Where are prices going, and where have they been?
Caroline Gentry is senior editor at Argus Air Daily. Jamie Webster is senior editor of Argus Competitive Fuels.
With the Supreme Court’s April decision that the Environmental Protection Agency has the authority to regulate carbon dioxide as a pollutant under the Clean Air Act, momentum shifted dramatically toward a mandatory program to cap greenhouse-gas (GHG) emissions in the United States. While the ruling initially covers only emissions from mobile sources, eventually there will be huge implications for power generation.
In the absence of federal action, states have led the charge on greenhouse-gas controls, with the Northeast’s Regional Greenhouse Gas Initiative covering 10 states due to begin in 2009 and Western states building a program around California’s developing model.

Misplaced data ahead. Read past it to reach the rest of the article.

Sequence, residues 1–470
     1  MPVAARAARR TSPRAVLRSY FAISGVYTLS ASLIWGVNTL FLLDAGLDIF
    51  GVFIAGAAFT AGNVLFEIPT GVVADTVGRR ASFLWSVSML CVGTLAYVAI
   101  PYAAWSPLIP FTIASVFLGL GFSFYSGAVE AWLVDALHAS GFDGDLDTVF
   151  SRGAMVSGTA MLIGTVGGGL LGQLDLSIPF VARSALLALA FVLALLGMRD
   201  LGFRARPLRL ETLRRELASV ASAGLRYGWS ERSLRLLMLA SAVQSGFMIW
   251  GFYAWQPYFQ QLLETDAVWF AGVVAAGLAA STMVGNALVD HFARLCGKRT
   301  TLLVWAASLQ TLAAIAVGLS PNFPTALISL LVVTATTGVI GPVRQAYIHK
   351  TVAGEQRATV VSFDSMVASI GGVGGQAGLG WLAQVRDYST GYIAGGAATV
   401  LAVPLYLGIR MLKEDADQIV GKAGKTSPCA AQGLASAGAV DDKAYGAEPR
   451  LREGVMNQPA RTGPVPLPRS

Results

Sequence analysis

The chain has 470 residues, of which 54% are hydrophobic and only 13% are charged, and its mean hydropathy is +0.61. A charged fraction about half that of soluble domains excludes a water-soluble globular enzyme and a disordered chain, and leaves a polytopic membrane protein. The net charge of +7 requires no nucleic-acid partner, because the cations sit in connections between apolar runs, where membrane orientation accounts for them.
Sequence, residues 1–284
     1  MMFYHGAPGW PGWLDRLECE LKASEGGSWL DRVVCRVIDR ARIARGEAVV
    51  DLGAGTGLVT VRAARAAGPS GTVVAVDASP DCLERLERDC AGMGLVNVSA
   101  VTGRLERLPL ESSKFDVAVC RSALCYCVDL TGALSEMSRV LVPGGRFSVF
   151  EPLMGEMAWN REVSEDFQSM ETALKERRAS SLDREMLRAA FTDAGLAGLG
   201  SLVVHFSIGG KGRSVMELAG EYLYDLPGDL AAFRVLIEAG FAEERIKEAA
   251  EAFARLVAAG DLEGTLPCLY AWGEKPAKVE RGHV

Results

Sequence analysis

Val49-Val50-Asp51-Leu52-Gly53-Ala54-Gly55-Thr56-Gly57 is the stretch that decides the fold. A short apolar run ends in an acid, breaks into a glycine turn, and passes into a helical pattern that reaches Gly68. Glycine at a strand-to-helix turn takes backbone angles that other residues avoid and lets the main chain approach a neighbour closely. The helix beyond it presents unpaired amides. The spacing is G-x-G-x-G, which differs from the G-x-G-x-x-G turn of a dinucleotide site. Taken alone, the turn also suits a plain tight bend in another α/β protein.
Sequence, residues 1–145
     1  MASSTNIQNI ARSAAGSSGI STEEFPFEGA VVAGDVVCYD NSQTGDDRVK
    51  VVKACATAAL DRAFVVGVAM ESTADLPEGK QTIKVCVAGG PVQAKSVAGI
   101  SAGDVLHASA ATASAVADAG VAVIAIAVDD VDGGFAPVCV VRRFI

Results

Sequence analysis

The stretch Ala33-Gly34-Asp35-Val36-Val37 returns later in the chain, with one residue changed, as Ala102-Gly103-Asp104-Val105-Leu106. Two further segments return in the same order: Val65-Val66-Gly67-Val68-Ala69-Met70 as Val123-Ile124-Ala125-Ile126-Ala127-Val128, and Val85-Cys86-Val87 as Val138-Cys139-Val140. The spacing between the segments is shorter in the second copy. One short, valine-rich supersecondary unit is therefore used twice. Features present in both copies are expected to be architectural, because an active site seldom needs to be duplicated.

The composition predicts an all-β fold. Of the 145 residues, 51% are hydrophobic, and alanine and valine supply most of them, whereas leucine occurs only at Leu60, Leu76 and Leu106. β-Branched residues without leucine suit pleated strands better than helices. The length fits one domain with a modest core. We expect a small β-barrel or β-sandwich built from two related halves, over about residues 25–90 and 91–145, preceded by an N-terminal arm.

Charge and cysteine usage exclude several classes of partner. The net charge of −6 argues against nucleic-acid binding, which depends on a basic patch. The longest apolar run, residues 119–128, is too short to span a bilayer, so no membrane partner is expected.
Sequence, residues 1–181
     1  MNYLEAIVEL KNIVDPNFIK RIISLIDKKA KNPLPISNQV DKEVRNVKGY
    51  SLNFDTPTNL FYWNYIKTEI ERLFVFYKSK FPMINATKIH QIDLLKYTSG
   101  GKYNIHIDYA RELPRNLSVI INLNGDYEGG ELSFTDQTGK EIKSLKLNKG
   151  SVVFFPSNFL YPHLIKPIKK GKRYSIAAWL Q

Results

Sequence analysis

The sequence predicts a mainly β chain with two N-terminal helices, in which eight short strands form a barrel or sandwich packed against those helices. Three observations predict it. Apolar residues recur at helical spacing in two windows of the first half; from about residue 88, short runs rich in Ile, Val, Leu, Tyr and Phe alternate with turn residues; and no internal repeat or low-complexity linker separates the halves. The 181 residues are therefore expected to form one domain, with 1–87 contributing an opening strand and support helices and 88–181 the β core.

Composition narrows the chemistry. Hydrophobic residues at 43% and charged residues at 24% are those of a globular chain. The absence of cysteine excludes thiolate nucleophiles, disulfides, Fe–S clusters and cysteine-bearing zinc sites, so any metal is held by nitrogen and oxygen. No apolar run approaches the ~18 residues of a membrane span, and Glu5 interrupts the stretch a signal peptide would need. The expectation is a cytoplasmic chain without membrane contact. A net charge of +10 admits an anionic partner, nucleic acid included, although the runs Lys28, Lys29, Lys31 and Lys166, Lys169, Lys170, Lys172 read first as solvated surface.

Sensing the inevitable, trade associations and U.S. industry have begun to change strategy. Rather than relying on the usual delay tactics, various groups have issued a set of criteria outlining policies they would be prepared to support. Most notably, the U.S. Climate Action Partnership, a coalition of U.S. companies and non-governmental groups including four utilities, is calling for a federal cap-and-trade program to cut GHG emissions by up to 80 percent by 2050.